- What is an Electrochemical Gradient?
- Components of Electrochemical Gradient
- Types of Active Transport Mechanisms in Electrochemical Gradient
- Moving Against Electrochemical Gradient
- Carrier Proteins for Active Transport
- Electrochemical Gradient of Sodium and Potassium Pump
- Primary Active Transport
- Secondary Active Transport
- Role of Electrochemical Gradient in Biological Process
- Importance of Electrochemical Gradient
In living cells, the plasma membrane or cell membrane is a selectively permeable barrier that allows selective substances to pass through it. Thus, it maintains different concentrations on both sides of the membrane. This gives rise to different electrical and chemical concentration gradients on the membrane surface which collectively form the electrochemical gradient.
What is an Electrochemical Gradient?
It is defined as the difference in the charge and the chemical concentration across the plasma membrane due to its selective permeability. The combination of the concentration gradient and electrical charge gradient that affects the movement of a particular ion across the plasma membrane is known as a concentration gradient.
Simple concentration gradients are not so complex as they exist due to the differential concentration of a substance across a membrane. But in the case of living organisms, the gradients are not that simple. In addition to a concentration gradient, an electrical gradient is also present inside living cells because it’s not only the ions that move inside and outside the cells but cells’ intracellular space contain some proteins as well. Most of these proteins are negatively changed and don’t move outside. As a result of this, the inside of the membrane is more negatively charged which causes an electrical gradient to exist across the plasma membrane in addition to a concentration gradient due to ions. Both these electrical and concentration gradients are studied under an electrochemical gradient.
To understand this, consider the movement of sodium and potassium ions across the membrane. In addition to the negatively charged proteins present inside the cell, the cells have a higher concentration of potassium inside the cell and a higher concentration of sodium outside the cell. The concentration gradient pumps sodium inside the cell (from higher concentration to lower concentration) and the electrical gradient also drives sodium inside the cell due to the negatively charged interior of the cell. However, the situation is more complex for potassium. The electrical gradient of potassium (a positive ion) causes it to move inside the cell due to a negatively charged interior but the concentration gradient of potassium moves it outside the cell (due to a lower concentration of potassium outside). This process of movement due to concentration gradient and electrical charge are referred to as electrochemical gradient.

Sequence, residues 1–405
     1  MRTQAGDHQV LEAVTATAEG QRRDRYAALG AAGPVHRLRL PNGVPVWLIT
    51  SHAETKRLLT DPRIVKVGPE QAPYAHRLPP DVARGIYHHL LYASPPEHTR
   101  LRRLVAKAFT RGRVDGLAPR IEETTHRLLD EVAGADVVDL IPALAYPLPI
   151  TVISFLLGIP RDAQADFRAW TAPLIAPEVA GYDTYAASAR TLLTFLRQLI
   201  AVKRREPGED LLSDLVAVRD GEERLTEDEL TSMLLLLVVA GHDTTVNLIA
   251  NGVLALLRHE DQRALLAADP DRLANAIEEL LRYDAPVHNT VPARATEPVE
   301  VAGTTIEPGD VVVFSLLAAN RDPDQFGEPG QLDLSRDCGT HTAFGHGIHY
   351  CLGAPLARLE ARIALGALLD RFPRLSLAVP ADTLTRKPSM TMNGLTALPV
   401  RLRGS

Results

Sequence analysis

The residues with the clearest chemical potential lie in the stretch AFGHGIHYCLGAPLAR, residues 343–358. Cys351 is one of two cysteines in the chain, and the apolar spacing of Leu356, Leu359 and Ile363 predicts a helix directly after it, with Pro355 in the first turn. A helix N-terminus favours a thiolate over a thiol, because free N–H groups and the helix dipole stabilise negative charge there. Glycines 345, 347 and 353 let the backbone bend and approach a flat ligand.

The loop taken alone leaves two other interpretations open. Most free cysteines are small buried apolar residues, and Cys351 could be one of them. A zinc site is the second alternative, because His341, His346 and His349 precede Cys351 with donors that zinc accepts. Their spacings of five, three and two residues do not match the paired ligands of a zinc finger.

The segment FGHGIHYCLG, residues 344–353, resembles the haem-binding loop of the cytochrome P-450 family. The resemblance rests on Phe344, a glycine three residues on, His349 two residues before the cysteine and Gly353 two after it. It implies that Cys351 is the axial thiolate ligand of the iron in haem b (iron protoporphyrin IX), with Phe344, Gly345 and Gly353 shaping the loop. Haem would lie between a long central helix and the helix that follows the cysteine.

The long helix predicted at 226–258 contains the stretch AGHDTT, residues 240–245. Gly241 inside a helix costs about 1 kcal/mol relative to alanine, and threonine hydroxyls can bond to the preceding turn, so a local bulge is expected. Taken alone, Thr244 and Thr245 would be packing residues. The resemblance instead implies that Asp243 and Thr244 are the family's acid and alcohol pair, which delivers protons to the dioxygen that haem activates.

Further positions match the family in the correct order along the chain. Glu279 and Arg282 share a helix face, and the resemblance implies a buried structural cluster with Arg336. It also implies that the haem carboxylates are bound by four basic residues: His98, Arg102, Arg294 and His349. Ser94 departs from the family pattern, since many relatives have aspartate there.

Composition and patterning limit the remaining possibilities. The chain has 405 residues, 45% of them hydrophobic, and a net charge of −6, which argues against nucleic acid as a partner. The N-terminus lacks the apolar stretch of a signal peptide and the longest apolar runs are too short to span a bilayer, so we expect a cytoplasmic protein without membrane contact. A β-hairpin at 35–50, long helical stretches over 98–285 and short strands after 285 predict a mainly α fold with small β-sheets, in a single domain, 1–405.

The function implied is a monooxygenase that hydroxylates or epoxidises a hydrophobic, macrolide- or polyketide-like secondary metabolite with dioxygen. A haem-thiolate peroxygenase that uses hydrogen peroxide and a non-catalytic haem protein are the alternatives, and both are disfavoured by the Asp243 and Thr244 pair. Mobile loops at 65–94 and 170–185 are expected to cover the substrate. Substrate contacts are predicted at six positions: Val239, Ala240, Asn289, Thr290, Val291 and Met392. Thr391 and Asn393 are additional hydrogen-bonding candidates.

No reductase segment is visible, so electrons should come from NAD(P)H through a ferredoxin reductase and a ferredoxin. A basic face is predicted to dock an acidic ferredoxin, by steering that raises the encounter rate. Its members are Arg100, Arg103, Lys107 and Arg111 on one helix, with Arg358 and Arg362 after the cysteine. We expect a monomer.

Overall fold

Components of Electrochemical Gradient
There are two components of an electrochemical gradient:
- Electrical component
- Chemical component
The electrical component results due to the difference in electrical charge across the plasma membrane. And the chemical component is due to the difference in concentration of ions across the membrane. The combination of these two predicts the thermodynamically favorable direction for the movement of ions through the selectively permeable plasma membrane.
Types of Active Transport Mechanisms in Electrochemical Gradient
There are two types of active transport mechanisms for the movement of ions and substances:
- Primary active transport
- Secondary active transport
Primary active transport helps in the movement of ions across a membrane and establishes a difference in gradient which depends on ATP directly. While secondary active transport is for the movement of substances as a result of electrochemical gradient created by primary active transport and thus doesn’t depend upon ATP directly.
Moving Against Electrochemical Gradient
The movement of substances against the electrochemical gradient occurs in the presence of energy. The energy comes from adenosine triphosphate (ATP) that is generated during cell metabolism. Active transport mechanisms, which are collectively known as pumps, help in the movement of substances against the electrochemical gradients. Many small substances continuously pass through the cell membrane. The concentration of ions and substances is maintained by active transport. Therefore, a major part of the cell’s metabolic energy is used to maintain these processes.
As these active transport mechanisms are dependent on the supply of energy by the cell’s metabolism, any poison that can interfere with the metabolism to stop the supply of ATP will affect these mechanisms.
Carrier Proteins for Active Transport
The active transport of substances across the membrane is facilitated by the presence of specific carrier proteins or pumps. Following three are the types of protein carriers or transporters that are present:
A uniporter is involved in the transport of one specific ion or molecule. A symporter transports two different ions or molecules and both in the same direction. An antiporter acts as a carrier protein for two or more different ions or molecules but in different directions. These protein carriers are also responsible for the transport of small, uncharged molecules such as glucose. These three carrier proteins also have a role in facilitated diffusion, but in that case, ATP is not needed. Some of these pumps or protein carriers for active transport are below:
Na+-K+ ATPase: It carries sodium and potassium ions
H+-K+ ATPase: It transports hydrogen and potassium ions
Ca+ ATPase: It transports only calcium ions
H+ ATPase: It transports only hydrogen ions
The first two from the above-mentioned pumps are antiporter carrier proteins.
Electrochemical Gradient of Sodium and Potassium Pump
The electrochemical gradient Na+/K+ pump that is established by the active transport mechanism is an example of an electrochemical gradient in living cells.
Primary Active Transport
Primary active transport creates an electrochemical gradient across the membrane by the transport of ions. The process is driven by using ATP. Sodium and potassium pump are one of the most important pumps in living organisms which maintains an electrochemical gradient across the membrane. This pump favors the movement of two potassium ions into the cell and three sodium ions outside the cell. Depending upon the orientation to the interior or exterior of the cell and affinity for both ions, the Na+-K+ ATPase (sodium and potassium pump) is present in two forms.
The process is completed in the following steps:
- Initially, the carrier enzyme pump is oriented towards the interior of the cell. The carrier has a high affinity for sodium ions transport and three ions can bind to it at a time.
- The protein carried catalyzes the hydrolysis of ATP and attaches a low energy phosphate group to it.